Wandikweza

I’ve been in Malawi for one day, and what an enlightening day it has been. After flying into Lilongwe International Airport last evening, I was welcomed to the “Warm Heart of Africa” by a smiling customs officer who quickly stamped my passport and waved me right through to pick up my checked bag. It was the warmest, most efficient customs processing I’ve ever experienced anywhere, living up to Malawi’s national slogan!

Downtown Lilongwe

I was met by Mercy Nyirongo, Wandikweza’s Project Manager. A good hot supper and then a nice guest room was most welcome. This morning we left at 7 a.m. for Dowa District, about 25 miles north of Lilongwe (Malawi’s capitol city.) While Lilongwe is a typical African capitol city, the countryside becomes very rural after leaving the city limits. We stopped at the Dzaleka Health Center, staffed by a couple Medical Assistants and Nurse-midwives. I learned that this center serves about 58,000 people and that the midwives deliver about one hundred babies a month. After a quick visit, we drove on rutted dirt roads to a nearby rural village where we were met by 15 Community Health Workers who serve in this district.

We sat down in a circle in the shade of a tree canopy, and this is where I learned about Wandikweza’s true value. Wandikweza means “Lifted up by the Lord.” It is a registered NGO (Non-Governmental Organization) founded two years ago by Mercy Nyirongo, a graduate of Africa University. It has no ties to any other organization, governmental or religious, but it networks with them to help develop and transform communities through their own inherent power. It creates true “grassroots” transformation in contrast to donor-driven development.

Each Community Health Worker (CHW) introduced himself or herself, and then one of them gave me a brief history of Wandikweza and its work. Each CHW was elected to fill this volunteer position two years ago in a general community meeting. Although most have minimal education, they were chosen because of the trust the community placed in them to handle its health needs. They were given brief but intensive training in the challenges, goals, and methods of doing community health work, they’ve been doing this very effectively since then. The major health issues they work with include Malaria, HIV/AIDS, Family planning, Nutrition, Safe Water and Sanitation, and Maternal and Child Health. These issues were chosen as the most urgent problems in rural village life.

Community group meetings and individual home visits are the main ways of working in the community. CHWs use large picture cards as a key health education method. The pictures depict desirable or undesirable health situations, and the CHW uses them as a platform to explain why any particular activity is good or bad for health. These are discussed in group meetings. Songs and drama are used to emphasize key themes.

After this introduction, we went on several home visits, with today’s visits focusing on the importance of prenatal and postnatal care for mothers and infants. Homes looked much like those in the village pictured below. In each home, we were invited to sit on clean reed mats on the floor, and then the CHWs used the large picture cards to get their health messages across. The last home visit was a three-week postnatal visit to a mother with twin babies. The babies were examined, weighed with an ingenious device that weighs the baby when the CHW uses it to carefully lift the baby in a sling. The twins looked healthy and were gaining weight nicely. At the end of our visit, the mother gave the CHWs her heartfelt thanks for the care she received, crediting them with saving her life through their teaching.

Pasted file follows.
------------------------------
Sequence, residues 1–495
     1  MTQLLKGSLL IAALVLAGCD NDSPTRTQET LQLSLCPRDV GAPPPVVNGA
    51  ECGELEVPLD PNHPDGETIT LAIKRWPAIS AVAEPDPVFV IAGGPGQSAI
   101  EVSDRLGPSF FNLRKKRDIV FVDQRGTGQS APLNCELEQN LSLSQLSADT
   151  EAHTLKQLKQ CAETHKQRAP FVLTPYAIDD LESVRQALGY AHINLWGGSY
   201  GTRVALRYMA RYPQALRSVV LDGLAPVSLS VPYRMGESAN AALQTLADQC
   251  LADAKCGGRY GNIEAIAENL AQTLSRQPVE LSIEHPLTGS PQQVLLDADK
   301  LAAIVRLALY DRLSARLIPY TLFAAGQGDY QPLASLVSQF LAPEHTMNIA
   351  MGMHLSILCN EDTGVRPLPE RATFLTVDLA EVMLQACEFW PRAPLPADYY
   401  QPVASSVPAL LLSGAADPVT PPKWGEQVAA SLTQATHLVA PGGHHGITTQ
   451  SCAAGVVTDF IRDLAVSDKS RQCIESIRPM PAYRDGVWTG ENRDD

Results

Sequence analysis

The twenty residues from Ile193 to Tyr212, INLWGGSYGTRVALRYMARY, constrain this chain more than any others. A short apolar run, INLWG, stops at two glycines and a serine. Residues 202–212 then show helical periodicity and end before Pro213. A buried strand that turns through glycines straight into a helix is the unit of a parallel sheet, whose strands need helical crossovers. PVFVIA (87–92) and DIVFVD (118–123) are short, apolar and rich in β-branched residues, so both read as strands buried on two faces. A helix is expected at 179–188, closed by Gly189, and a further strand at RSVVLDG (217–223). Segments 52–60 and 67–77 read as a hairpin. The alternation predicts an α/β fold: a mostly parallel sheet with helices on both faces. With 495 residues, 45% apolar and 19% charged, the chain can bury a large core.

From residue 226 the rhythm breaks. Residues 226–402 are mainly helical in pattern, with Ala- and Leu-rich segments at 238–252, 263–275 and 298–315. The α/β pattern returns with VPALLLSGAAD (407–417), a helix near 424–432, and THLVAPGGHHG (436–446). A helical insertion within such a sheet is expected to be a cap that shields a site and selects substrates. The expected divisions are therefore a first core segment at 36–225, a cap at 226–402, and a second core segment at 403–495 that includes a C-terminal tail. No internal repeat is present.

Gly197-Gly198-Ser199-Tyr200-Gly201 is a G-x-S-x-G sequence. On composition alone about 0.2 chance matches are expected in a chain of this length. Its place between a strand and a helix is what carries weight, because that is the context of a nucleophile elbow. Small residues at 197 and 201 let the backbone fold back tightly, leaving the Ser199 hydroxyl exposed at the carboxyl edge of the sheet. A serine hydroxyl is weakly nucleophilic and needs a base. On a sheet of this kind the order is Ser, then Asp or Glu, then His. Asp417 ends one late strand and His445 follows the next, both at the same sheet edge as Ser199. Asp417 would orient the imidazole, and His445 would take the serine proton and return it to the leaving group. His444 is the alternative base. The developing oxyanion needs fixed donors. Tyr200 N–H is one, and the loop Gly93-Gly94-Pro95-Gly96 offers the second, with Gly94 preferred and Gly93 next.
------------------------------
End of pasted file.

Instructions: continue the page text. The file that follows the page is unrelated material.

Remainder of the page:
CHWs keep careful records and make monthly reports to the Ministry of Health. Statistics for the past two years reveal that their work has had an impressive impact. Cases of malaria have dropped threefold quarterly because of teaching about the proper use of bed nets. Testing for HIV/AIDS has increased threefold. Malnutrition has dropped to 4 cases per 100 infants. Households using toilets and safe water sources has increased from 30/100 homes to 50/100 homes. Ante-natal care has increased significantly, and delivery of babies at the Health Center have increased from 15/100 to 65/100.

The enthusiasm of the HCWs for their work and the respect they are given in the village was very clear. Health Surveillance Agents from the Ministry of Health are involved in all this because the CHWs report to them and work under their supervision. I talked with one of them, and he said that the Wandikweza Health Care volunteers have been a big help to him. He says the Ministry of Health would welcome them in all their districts.

Wandikweza is largely a volunteer organization that operates on a shoestring budget. Every HCW gets a very modest token stipend. It’s clear that pride in their work and the result they see in their communities is what motivates them most. The work of the Wandikweza Board of Directors and Manager is also volunteer, so there is virtually no overhead. Its an NGO founded and sustained as a labor of love. In a word, it is remarkable. I’m looking forward to learning more about it in the days ahead.

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